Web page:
Norman R Harris

Louisiana State University Health Sciences Center Shreveport, Shreveport, Louisiana, United States

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Publications (44)127.42 Total impact

  • Megan N. Watts, Norman R. Harris
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    ABSTRACT: Individuals with inflammatory bowel diseases (IBD) have an elevated risk of ocular inflammation. Both the anterior and posterior eye can be affected by IBD, although posterior eye dysfunction is more likely to go undetected. Little investigative attention has been directed toward the mechanisms of ocular dysfunction with IBD; however, given the prevalence of anemia in IBD and the effects of anemia on the retina, we examined the association between retinal function (electroretinography, ERG) and the anemia induced by experimental IBD, and we tested for a potential retinal benefit of acutely attenuating anemia (via red blood cell (RBC) infusion). Colitis was induced in mice in a model involving drinking-water ingestion of dextran sodium sulfate (DSS), with untreated drinking water administered to controls. A subset of the DSS mice was infused with RBCs to attenuate the severity of the anemia induced by DSS. ERG signals (a-waves, b-waves, and oscillatory potential amplitudes and implicit times) were compared between the three groups of mice to evaluate retinal function. ERG amplitudes were significantly decreased in DSS mice compared to controls, with the amplitudes demonstrating a positive correlation with hematocrit, that is, the lowest ERG amplitudes were found with the most severe cases of anemia. An acute infusion of RBCs into DSS mice provided an improvement in the oscillatory potential implicit times, but no significant improvements in other ERG parameters. Despite the association between anemia and ERG signals in DSS-induced colitis, acute RBC infusion may only partially attenuate the associated retinal dysfunction.
    Pathophysiology. 01/2014;
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    Randa S. Eshaq, William S. Wright, Norman R. Harris
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    ABSTRACT: Retinal tissue receives its supply of oxygen from two sources - the retinal and choroidal circulations. Decreases in retinal blood flow occur in the early stages of diabetes, with the eventual development of hypoxia thought to contribute to pathological neovascularization. Oxygen consumption in the retina has been found to decrease in diabetes, possibly due to either a reduction in neuronal metabolism or to cell death. Diabetes also enhances the rate of conversion of oxygen to superoxide in the retina, with experimental evidence suggesting that mitochondrial superoxide not only drives the overall production of reactive oxygen species, but also initiates several pathways leading to retinopathy, including the increased activity of the polyol and hexosamine pathways, increased production of advanced glycation end products and expression of their receptors, and activation of protein kinase C.
    Redox Biology. 01/2014;
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    ABSTRACT: Ocular disease is known widely to occur in a subset of patients experiencing inflammatory bowel diseases. Although this extraintestinal manifestation has been recognized for a number of years, the pathogenetic mechanisms responsible for this distant organ inflammatory response are unknown. In the current study, we used a T-cell transfer model of chronic colitis in mice in which we quantified colonic inflammation, ocular function (electroretinography), ocular blood flow (intravital microscopy of the retina), intraocular pressure, and retinal hypoxia. Ocular function in colitic mice was significantly impaired, with decreases in retinal b-wave amplitudes and oscillatory potentials. Moreover, retinal a waves and oscillatory potentials were delayed. Retinal blood flow was significantly reduced in the colitic mice, and this decrease in perfusion coupled with significant decreases in hematocrit would decrease oxygen delivery to the eye. Accordingly, mice with severe colitis showed increased levels of immunostaining for the hypoxia-dependent probe pimonidazole. Finally, intraocular pressures were found to be reduced in the colitic mice. Ocular disease occurs in a mouse model of chronic colitis, with retinal dysfunction seeming to be related to insufficient perfusion and oxygen delivery.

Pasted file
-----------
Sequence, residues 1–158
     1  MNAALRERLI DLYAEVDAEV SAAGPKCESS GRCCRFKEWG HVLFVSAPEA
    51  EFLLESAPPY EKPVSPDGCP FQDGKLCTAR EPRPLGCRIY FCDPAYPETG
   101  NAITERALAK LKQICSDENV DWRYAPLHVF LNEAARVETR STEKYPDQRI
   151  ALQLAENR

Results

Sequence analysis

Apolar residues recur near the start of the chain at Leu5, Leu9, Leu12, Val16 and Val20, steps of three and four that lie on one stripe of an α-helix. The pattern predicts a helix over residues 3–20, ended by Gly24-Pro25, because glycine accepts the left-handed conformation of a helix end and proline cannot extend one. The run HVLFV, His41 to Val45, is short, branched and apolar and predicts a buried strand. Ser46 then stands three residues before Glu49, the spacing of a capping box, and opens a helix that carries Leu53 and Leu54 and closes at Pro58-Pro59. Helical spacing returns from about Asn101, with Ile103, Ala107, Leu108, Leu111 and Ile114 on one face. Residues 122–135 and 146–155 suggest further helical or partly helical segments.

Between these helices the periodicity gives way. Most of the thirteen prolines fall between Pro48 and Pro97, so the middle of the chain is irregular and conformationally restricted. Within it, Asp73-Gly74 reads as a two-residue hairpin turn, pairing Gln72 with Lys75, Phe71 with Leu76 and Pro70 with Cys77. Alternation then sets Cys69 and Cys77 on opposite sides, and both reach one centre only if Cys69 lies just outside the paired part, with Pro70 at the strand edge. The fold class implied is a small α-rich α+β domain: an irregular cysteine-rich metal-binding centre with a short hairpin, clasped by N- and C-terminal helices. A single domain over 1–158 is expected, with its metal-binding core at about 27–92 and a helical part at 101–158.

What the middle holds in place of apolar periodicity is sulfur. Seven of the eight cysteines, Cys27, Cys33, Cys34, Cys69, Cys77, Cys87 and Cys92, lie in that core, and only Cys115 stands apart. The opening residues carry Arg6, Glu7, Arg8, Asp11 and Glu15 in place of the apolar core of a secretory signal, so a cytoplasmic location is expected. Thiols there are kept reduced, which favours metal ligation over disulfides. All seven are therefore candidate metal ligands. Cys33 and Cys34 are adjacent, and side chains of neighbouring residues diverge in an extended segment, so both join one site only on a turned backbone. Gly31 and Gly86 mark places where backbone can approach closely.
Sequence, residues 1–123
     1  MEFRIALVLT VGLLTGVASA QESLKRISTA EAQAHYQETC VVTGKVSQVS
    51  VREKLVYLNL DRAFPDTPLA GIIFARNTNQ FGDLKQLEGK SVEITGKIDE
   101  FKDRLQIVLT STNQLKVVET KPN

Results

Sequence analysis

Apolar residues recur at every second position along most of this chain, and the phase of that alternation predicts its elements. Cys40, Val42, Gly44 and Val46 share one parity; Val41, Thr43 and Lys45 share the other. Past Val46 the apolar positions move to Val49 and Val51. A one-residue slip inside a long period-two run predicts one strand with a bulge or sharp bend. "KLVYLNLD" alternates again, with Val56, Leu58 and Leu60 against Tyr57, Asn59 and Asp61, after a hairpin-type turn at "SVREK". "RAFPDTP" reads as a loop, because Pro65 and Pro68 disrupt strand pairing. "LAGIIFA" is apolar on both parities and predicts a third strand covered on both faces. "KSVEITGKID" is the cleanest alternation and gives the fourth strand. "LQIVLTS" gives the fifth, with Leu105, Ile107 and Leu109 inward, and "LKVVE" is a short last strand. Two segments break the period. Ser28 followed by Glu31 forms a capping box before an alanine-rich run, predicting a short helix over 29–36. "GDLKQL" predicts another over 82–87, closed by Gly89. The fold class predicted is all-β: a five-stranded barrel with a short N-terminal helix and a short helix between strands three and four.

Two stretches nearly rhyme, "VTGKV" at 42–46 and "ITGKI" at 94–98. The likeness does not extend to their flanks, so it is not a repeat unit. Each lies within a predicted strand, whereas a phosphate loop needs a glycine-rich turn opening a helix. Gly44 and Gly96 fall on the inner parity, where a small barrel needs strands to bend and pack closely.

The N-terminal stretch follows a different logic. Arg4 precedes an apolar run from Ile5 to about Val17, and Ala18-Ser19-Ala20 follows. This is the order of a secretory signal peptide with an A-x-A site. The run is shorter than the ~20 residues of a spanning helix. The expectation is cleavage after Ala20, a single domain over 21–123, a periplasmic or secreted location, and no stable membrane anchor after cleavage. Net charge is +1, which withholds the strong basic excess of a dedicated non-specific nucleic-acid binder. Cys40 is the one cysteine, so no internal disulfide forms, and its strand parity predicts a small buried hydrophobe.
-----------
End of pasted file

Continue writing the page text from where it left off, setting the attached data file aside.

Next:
Inflammatory Bowel Diseases 07/2013; · 5.12 Impact Factor
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    ABSTRACT: Patients with inflammatory bowel disease suffer not only from gut inflammation, but also from extraintestinal manifestations of the disease, including ocular pathology. The mechanisms causing ocular inflammation in these patients are unknown. The purpose of the current study was to investigate the possible vascular changes occurring in the retina using a mouse model of acute colitis, that is, ingestion of dextran sodium sulfate (DSS). Intravital microscopy of anesthetized mice revealed that DSS caused a significant 30-40% decrease in retinal red blood cell velocities, and a 45% decrease in total retinal blood flow, but no changes in intraocular pressure. To determine whether the decreases in retinal perfusion could be inhibited by an angiotensin II receptor antagonist, losartan was administered by eye drops in a subset of the mice prior to the intravital microscopy measurements. Topical losartan was able to largely attenuate the altered hemodynamics induced by DSS. We conclude that angiotensin II might be a possible target for reducing the vascular changes occurring distantly in the eye during colitis.